A federal judge has approved a previously announced agreement that should help many different Blue Cross and Blue Shield plans resolve litigation with 900,000 doctors, lawyers for the doctors say.
U.S. District Court Judge Federico Moreno today approved a settlement agreement that lawyers for the doctors negotiated with the Blue Cross and Blue Shield Association, Chicago, and a group of more than 20 Blues plans, lawyers for the doctors report.
The BCBSA and the participating Blues plans have agreed to pay about $128 million into a general settlement fund for the plaintiffs.
Under the terms of the agreement, the participating Blues also are promising to:
- Ensure the payment of valid clean claims within 15 days for electronic submitted claims and 30 days for paper claims.
- Give physicians fee schedules.
- Pay for the cost of recommended vaccines and injectables and for the administration of such vaccines and injectables.
- Use clinical guidelines that are based on credible scientific evidence published in peer-reviewed medical literature when making medical necessity determinations.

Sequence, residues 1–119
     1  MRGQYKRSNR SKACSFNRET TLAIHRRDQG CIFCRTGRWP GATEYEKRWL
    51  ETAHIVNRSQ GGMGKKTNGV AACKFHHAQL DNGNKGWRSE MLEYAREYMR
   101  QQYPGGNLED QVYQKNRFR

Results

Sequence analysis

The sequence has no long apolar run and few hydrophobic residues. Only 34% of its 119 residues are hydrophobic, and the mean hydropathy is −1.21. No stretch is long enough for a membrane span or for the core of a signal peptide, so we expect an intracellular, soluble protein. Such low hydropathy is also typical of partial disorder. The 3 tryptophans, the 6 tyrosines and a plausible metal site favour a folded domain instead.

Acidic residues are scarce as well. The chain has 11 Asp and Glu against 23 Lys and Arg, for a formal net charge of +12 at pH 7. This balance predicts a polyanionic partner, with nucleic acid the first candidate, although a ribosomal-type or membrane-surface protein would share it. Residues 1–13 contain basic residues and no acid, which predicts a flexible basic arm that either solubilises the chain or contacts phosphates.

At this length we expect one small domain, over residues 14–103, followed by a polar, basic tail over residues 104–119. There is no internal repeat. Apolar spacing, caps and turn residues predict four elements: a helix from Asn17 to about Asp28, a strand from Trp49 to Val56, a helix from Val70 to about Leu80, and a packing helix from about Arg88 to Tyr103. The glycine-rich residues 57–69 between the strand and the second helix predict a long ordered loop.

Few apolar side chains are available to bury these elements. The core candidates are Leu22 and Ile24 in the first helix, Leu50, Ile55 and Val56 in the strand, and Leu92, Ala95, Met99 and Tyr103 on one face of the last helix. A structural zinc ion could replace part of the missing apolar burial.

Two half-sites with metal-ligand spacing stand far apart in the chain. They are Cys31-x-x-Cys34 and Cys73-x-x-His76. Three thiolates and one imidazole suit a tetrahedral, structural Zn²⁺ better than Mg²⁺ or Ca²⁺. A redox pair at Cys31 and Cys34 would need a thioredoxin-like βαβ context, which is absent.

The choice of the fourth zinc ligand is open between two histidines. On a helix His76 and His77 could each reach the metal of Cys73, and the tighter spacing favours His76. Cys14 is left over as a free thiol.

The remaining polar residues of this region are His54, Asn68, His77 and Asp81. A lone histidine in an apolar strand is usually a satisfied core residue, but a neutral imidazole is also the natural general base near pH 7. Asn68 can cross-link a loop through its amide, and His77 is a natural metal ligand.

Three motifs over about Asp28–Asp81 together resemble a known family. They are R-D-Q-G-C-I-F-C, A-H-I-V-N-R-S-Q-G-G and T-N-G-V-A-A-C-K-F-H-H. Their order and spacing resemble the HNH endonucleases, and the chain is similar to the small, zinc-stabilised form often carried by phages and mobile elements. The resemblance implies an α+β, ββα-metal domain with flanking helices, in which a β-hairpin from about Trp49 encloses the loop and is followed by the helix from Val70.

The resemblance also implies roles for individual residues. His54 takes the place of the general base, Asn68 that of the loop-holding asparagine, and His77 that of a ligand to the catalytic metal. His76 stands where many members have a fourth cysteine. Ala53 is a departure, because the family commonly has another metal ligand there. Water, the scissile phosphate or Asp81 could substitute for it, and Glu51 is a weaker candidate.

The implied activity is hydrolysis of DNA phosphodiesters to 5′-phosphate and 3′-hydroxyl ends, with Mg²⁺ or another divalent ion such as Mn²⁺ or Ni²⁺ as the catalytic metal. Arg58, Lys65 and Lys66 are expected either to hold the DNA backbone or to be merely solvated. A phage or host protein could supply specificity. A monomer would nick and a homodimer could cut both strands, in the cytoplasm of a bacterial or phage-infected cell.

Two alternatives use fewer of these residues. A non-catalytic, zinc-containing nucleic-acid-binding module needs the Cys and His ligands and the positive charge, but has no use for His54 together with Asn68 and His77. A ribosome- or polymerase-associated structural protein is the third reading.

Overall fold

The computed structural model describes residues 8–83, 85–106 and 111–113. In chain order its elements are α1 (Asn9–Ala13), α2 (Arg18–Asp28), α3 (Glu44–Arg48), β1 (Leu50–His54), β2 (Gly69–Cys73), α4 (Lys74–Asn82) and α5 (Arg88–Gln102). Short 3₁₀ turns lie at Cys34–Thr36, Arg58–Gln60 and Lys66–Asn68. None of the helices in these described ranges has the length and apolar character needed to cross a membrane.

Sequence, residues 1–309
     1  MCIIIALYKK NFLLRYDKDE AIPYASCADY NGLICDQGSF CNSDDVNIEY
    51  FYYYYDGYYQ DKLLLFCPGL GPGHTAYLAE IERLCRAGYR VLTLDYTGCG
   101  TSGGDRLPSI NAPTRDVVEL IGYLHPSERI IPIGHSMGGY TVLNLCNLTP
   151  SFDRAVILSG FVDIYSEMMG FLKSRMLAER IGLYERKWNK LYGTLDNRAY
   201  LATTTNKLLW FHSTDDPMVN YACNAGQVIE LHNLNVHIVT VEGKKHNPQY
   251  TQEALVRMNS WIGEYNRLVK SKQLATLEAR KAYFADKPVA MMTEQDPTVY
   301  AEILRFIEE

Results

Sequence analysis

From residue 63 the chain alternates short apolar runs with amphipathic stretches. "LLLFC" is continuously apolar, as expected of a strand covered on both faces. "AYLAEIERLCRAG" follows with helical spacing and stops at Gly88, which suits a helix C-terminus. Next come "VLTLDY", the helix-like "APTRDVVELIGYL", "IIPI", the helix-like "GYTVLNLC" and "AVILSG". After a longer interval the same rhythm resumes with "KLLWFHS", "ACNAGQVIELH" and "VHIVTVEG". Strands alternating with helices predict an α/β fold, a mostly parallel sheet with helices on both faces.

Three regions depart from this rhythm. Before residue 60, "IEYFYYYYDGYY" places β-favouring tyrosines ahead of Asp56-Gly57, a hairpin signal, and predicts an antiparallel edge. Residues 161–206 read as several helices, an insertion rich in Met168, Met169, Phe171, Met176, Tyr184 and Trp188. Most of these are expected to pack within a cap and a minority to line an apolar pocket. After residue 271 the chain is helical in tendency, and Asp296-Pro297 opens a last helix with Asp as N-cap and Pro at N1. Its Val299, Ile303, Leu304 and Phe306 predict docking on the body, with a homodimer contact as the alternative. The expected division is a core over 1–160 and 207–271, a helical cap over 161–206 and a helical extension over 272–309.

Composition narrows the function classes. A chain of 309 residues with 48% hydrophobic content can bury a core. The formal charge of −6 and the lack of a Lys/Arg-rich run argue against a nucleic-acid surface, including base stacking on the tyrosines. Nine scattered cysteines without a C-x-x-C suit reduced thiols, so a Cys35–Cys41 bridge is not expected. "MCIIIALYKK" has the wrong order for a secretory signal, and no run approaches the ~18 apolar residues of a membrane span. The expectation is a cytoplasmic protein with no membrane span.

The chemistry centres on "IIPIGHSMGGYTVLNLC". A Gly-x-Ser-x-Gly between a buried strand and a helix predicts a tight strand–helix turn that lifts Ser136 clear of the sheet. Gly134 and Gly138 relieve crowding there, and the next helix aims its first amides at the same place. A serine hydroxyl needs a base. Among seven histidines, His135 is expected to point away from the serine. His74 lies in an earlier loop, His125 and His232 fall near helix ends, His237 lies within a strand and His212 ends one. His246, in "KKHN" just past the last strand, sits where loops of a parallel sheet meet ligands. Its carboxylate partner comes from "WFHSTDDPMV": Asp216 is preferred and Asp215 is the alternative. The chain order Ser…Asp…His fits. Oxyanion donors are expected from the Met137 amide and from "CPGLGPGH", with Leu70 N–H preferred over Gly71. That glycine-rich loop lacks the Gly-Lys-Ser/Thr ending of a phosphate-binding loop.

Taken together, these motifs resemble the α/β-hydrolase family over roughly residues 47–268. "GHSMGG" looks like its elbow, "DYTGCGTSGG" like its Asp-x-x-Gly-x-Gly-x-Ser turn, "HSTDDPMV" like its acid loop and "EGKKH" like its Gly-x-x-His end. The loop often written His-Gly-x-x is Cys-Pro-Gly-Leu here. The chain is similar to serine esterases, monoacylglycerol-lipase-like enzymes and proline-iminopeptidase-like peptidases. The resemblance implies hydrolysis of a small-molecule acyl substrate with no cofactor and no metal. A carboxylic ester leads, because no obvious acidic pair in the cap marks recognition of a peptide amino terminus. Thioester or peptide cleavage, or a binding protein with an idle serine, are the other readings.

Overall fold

In the late 1990s, lawyers filed a wave of suits accusing the settling plans and other health carriers of working together to lower and delay payments to doctors in unreasonable ways.
In 2003, the courts consolidated the litigation against the Blues plans, now known as the Thomas-Love litigation, in Miami under U.S. District Court Judge Federico Moreno.
The only large managed care company still challenging the litigation consolidated in Miami is a unit of UnitedHealth Group Inc., Minnetonka, Minn., to the lawyers representing the doctors.
The group of settling Blues plans includes:
- Blue Cross and Blue Shield of Alabama.
- CareFirst Inc. and CareFirst of Maryland Inc.
- Group Hospitalization and Medical Services Inc.
- Blue Cross and Blue Shield of Florida.
- Hawaii Medical Service Association.
- Health Care Service Corp.
- Wellmark Inc., along with Wellmark Blue Cross and Blue Shield of Iowa and Wellmark of South Dakota Inc.